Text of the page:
Antioch College was legally incorporated in May 1852. The first president of the new college was Horace Mann, who had served as secretary of education in Massachusetts for twelve years and was completing his second term as a Congressional representative (successor to John Quincy Adams). The Yellow Springs campus opened in 1853 with an initial freshman class of six – four male and two female students – plus over two hundred students in English and preparatory classes. Antioch was one of the first nonsectarian educational institutions in the United States.
By the early 1960s, the college was known for its experimental approach to liberal arts education, and began to explore undergraduate and graduate off-campus programs.
1963 – 1972
Spring: Jim Dixon, president of Antioch College, meets with Morris Mitchell, director of the financially troubled Putney Graduate School of Education in Vermont. Together they conceptualize a graduate-level teacher training program that would emphasize social change.
Morris Keeton, vice president of Antioch College, and psychology professor Ben Thompson write and submit a proposal for an Antioch Graduate Teacher Education Program to be located on the grounds of the old Putney Graduate School in Vermont. The faculty accepts the proposal.
February: Ben Thompson calls Roy Fairfield, a professor at Ohio University, and asks if he’d like to interview for the position of Center Director at Antioch-Putney. Roy is offered and accepts the position.
March: Recruitment for the Master of Arts in Teaching (MAT) program begins. This excerpt is from the first brochure:
“Antioch College is offering a one-year graduate program in Putney, Vermont, and in Yellow Springs, Ohio, leading to a degree of Master of Arts in Teaching. The aim of the program is to develop exceptionally well-qualified teachers in the social sciences at the secondary level. The program includes graduate study in the social sciences and education at Antioch College in Yellow Springs; intensive seminars conducted in a residential study-seminar facility in Putney; field observation in the eastern United States of social conditions under study; practice teaching on the secondary level; and contact with foreign students under an arrangement with the Experiment in International Living in Vermont. Two groups of eighteen students each will be admitted—one in June and the other in September 1965. THIS PROGRAM IS DESIGNED FOR THOSE WHO WANT TO HELP MEET PRESSING SOCIAL NEEDS by teaching in disadvantaged communities in this country or abroad or by working in community or other programs in rural or urban poverty areas.”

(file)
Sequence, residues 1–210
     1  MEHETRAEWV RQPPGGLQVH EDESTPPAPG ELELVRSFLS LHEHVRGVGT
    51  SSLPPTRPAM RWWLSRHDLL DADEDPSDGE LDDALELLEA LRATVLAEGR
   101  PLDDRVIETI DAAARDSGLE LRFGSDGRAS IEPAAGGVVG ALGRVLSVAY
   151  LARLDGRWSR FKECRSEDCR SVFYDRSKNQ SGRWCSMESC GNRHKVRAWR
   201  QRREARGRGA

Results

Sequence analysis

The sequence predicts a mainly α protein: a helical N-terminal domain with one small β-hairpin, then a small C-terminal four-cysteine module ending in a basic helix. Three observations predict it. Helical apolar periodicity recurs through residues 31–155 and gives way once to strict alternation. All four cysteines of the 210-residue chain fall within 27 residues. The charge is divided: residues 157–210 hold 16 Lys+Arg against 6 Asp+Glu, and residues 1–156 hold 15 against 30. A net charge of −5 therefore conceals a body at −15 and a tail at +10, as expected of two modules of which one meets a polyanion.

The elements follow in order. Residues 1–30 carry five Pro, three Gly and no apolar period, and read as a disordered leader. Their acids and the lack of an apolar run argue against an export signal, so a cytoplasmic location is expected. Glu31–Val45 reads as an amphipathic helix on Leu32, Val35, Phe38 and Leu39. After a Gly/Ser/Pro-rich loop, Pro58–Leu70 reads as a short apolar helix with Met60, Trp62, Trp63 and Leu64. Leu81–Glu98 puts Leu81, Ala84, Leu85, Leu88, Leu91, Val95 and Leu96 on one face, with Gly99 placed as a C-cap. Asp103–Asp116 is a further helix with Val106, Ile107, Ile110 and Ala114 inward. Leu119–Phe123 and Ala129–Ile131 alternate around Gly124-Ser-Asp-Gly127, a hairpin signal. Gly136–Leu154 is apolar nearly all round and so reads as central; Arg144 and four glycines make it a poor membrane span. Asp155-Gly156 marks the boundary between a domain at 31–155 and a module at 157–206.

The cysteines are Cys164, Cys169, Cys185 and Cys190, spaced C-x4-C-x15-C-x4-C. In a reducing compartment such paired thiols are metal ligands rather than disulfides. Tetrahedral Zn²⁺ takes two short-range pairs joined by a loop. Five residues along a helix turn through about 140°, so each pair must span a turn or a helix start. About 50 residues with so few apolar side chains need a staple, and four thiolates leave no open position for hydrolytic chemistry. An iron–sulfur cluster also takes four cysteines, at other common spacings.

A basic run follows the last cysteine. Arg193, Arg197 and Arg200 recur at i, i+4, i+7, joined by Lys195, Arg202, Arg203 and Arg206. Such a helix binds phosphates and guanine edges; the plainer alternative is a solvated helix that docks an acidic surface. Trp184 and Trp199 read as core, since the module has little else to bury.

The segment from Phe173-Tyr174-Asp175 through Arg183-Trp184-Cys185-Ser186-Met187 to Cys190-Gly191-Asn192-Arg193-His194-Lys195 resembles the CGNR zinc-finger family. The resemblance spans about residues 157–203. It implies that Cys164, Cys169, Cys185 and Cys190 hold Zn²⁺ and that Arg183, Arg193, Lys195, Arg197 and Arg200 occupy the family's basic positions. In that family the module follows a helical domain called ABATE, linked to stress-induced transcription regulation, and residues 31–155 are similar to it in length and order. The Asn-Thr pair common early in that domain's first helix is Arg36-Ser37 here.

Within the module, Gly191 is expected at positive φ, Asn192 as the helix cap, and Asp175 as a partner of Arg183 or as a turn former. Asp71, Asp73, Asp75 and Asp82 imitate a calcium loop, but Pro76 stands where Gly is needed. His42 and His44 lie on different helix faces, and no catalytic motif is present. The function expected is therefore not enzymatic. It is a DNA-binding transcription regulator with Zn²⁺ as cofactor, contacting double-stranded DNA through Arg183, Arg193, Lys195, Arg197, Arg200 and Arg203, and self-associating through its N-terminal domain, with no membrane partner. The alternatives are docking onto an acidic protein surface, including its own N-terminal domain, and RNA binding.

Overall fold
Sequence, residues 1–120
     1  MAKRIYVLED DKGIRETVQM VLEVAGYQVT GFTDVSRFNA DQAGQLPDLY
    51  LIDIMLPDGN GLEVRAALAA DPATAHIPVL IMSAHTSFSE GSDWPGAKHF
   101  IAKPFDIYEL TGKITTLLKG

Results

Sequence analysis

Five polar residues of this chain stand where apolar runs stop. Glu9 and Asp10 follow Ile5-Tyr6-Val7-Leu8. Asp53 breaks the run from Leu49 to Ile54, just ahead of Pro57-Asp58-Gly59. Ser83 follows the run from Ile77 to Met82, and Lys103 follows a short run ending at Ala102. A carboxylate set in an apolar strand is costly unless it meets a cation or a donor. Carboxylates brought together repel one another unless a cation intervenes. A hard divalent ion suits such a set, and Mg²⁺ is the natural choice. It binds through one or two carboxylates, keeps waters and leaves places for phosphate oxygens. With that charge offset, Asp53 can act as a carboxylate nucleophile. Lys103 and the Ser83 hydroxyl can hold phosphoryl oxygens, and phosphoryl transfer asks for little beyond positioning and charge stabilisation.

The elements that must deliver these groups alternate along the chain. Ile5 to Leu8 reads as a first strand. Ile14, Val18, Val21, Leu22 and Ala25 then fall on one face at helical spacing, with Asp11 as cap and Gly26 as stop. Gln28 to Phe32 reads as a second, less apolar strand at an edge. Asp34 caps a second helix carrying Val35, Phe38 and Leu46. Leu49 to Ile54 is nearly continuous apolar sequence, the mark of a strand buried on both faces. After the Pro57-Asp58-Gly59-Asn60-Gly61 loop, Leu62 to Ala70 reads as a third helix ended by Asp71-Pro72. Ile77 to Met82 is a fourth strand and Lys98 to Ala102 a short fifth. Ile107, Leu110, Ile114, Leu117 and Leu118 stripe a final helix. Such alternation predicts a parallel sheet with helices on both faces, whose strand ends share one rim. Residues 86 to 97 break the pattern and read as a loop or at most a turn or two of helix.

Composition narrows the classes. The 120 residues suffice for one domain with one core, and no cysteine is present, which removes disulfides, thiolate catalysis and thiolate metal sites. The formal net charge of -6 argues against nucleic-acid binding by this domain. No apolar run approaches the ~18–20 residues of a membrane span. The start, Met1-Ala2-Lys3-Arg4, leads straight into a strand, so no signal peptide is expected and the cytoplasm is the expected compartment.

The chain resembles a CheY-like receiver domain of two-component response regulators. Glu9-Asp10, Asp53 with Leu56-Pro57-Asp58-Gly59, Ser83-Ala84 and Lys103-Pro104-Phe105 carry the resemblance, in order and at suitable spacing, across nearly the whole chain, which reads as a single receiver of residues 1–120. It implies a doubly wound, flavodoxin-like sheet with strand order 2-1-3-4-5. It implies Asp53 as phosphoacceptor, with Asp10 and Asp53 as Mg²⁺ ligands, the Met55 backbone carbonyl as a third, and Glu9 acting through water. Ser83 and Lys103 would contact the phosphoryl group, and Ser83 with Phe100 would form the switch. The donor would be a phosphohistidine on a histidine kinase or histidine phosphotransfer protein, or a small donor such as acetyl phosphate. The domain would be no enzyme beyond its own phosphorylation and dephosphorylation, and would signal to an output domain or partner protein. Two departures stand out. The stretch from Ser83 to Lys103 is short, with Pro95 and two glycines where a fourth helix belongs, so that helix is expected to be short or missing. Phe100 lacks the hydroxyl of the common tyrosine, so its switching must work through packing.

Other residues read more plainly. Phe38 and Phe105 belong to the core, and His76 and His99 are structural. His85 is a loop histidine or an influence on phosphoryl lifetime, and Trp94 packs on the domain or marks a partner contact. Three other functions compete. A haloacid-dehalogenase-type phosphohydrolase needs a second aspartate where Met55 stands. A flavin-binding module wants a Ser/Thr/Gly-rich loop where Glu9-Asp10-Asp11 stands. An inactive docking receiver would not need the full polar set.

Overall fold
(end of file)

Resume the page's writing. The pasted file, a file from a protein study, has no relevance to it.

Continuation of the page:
September: The first entering class consists of ten students, many of whom are former Peace Corps volunteers. The first semester of the program begins in Yellow Springs. The five-semester program includes study with faculty in Yellow Springs; teaching internships in inner-city schools; and a semester-long seminar in Putney.
January: Students arrive for a semester of reflection and assimilation at Glen Maples, an old estate near the top of Putney Mountain.
Antioch-Putney receives almost $100,000 in federal money through the Higher Education Act of 1965. The funds are used to fill teacher intern positions in Washington, DC, and Baltimore, Maryland.
Summer: Antioch awards MAT degrees to the first ten Antioch-Putney graduates.
Graduate internship programs expand to Philadelphia.
Norman Wilson becomes center director at Antioch-Putney.
Master of Education (MEd) in Elementary Education program begins.
Antioch-Putney Graduate Centers are located in Baltimore, Boston, New York, Philadelphia, Putney, Washington, DC, and Yellow Springs.
Antioch Graduate School of Education
Antioch-Putney relocates to Harrisville, New Hampshire, and is renamed Antioch Graduate School of Education.
MEd in Supervision and Administration program begins. MEd in Guidance and Counseling and a Master’s in Teaching begin and gain approval by North Central Association.
Ty Minton launches the Environmental Studies Department, believed to be the first graduate program in this general discipline.
Marian C. Taylor becomes center director.
New Hampshire Board of Education approves MEd in Elementary Education.